Acclaimed Nigerian novelist Chimamanda Ngozi Adichie addressed Harvard’s Class of 2018 on Class Day, May 23, 2018. We produce here the full verbatim transcript of the speech for everyone. You can also download this transcript as PDF file for your later offline reading.
Chimamanda Ngozi Adichie is a writer of short stories, and nonfiction. She has written the novels Purple Hibiscus (2003), Half of a Yellow Sun and many others.
Here is the full text of her speech titled “Above all else, do not lie.”
Listen to the MP3 Audio here: Author Chimamanda Ngozi Adichie addresses Harvard’s Class of 2018
Good afternoon. Harvard Class of 2018, hello.
Thank you so much for asking me to be here today. It meant a lot to me, to know that you, the students, select the class day speaker. Thank you.
Congratulations to you and to all your loved ones who are here.
I spent a wonderful year at the Radcliffe Institute here at Harvard, doing a fellowship in 2011 and I fell in love with Cambridge and so it’s very good to be back.
My name is Chimamanda; in Igbo, it means my personal spirit will never be broken. I’m not sure why but some people find it difficult to pronounce.
A few years ago, I spoke at an event in London. The English woman who was to introduce me had written my name phonetically on a piece of paper. And backstage she held on tightly to this paper while repeating the pronunciation over and over. I could tell, she was very eager to get it right.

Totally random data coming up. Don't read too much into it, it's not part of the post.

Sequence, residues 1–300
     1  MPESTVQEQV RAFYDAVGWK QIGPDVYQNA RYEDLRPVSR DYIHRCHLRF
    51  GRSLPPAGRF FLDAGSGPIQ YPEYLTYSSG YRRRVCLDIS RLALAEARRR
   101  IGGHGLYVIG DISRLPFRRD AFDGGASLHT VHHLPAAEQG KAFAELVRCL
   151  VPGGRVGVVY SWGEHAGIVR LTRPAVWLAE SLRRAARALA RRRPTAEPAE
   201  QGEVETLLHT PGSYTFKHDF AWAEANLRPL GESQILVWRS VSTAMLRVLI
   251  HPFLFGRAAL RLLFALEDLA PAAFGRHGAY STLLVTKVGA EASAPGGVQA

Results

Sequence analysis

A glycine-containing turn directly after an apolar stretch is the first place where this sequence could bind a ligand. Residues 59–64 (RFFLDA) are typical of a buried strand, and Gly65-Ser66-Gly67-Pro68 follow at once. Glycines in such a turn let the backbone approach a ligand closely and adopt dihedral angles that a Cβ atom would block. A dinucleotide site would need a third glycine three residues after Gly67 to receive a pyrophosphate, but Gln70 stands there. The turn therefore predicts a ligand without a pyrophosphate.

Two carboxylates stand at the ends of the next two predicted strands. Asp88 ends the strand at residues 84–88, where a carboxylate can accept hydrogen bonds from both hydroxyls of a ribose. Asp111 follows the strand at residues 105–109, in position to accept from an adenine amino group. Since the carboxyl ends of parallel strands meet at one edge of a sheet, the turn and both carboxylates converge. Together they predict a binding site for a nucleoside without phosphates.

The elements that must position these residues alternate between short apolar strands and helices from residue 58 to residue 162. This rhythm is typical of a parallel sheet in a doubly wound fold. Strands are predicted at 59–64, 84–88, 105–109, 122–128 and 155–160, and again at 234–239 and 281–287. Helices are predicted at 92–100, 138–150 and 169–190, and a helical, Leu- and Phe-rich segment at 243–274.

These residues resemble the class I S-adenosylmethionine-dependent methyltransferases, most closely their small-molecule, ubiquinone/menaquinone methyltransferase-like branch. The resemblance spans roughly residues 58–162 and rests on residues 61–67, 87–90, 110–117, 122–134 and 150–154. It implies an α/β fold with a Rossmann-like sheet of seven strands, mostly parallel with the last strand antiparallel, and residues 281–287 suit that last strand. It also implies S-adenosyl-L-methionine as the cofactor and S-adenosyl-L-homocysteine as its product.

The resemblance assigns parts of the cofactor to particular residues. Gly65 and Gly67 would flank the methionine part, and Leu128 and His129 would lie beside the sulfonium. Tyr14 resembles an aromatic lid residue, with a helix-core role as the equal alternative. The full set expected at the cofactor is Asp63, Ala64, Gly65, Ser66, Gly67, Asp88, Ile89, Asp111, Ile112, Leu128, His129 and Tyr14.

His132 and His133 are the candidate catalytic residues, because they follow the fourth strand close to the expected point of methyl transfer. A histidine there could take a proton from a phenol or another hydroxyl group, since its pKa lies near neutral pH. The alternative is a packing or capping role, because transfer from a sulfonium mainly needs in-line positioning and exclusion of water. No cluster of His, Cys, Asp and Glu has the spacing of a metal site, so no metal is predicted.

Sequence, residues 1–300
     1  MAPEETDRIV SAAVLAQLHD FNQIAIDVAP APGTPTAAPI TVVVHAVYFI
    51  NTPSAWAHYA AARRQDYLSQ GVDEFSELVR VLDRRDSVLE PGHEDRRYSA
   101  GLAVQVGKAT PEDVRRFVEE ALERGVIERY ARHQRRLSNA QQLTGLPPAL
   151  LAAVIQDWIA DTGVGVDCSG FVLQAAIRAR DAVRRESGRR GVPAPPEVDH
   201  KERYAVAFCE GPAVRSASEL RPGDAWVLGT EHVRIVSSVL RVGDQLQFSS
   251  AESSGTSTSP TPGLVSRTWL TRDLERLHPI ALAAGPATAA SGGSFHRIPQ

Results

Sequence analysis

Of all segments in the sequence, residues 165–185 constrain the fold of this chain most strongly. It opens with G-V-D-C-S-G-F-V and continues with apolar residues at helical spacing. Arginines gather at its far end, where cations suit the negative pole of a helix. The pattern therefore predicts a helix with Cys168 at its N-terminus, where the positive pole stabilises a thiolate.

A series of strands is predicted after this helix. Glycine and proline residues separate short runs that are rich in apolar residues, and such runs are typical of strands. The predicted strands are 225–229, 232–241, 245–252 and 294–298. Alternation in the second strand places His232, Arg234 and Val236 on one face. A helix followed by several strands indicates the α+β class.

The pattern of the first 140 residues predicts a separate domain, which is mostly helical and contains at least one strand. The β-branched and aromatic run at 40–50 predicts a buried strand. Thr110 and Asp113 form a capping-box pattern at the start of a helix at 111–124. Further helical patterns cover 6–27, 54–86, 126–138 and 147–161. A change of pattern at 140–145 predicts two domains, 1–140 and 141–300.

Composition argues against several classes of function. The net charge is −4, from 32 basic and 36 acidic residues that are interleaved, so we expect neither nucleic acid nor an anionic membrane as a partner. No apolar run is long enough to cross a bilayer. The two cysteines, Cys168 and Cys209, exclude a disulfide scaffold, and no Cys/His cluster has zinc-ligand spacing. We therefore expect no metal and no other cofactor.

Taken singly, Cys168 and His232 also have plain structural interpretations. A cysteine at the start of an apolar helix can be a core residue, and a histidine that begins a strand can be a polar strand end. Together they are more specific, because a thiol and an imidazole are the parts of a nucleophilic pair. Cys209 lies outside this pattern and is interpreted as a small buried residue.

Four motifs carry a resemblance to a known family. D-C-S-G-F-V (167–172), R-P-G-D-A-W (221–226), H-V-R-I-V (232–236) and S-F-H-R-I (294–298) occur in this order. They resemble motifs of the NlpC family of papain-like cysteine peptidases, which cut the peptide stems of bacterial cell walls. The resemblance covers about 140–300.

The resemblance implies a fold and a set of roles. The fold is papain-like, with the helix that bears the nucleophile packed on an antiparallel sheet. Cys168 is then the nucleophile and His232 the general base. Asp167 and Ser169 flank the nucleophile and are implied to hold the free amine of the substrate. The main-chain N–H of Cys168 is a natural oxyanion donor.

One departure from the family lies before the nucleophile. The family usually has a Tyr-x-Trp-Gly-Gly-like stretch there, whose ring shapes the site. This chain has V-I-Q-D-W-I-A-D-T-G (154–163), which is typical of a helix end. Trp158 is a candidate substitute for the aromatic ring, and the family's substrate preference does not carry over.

And then she went on to the stage and gave a lovely introduction and ended with the words “Ladies and gentlemen, please welcome Chimichanga.”
I told — I told this story at a dinner party shortly afterwards. And one of the guests seemed very annoyed that I was laughing about it. “That was so insulting”, he said, “that English woman could have tried harder.”
But the truth is she did try very hard. In fact, she ended up calling me a fried burrito because she had tried very hard and then ended up with an utterly human mistake that was the result of anxiety.
So, the point of this story is not to say that you can call me Chimichanga. Don’t even think about it.
The point is that intent matters, that context matters. Somebody might very well call me Chimichanga out of a malicious desire to mock my name, and that I would certainly not laugh about. But there is a difference between malice and a mistake.
We now live in a culture of calling out, a culture of outrage, and you should call people out. You should be outraged. But always remember context and never disregard intent.
ABOVE ALL ELSE DO NOT LIE
If I were asked the title of my address to you today, I would say “Above all else do not lie.” Or don’t lie too often, which is really to say tell the truth. But lying, the word, the idea, the act has such political potency in America today, but it somehow feels more apt. Above all else do not lie.
I grew up in Nigeria through military dictatorships and through incipient democracies. And America always felt aspirational. When yet another absurd thing happened politically we would say, this can never happen in America.
But today the political discourse in America includes questions that are straight from the land of the absurd. Questions such as should we call a lie a lie? When is a lie a lie?
And so, Class of 2018 at no time has it felt as urgent as now that we must protect and value the truth.
Before I tell you about not lying, I must first admit —
So before I tell you about not lying, I must first admit to lying. I routinely lie about my height even at the doctor’s office.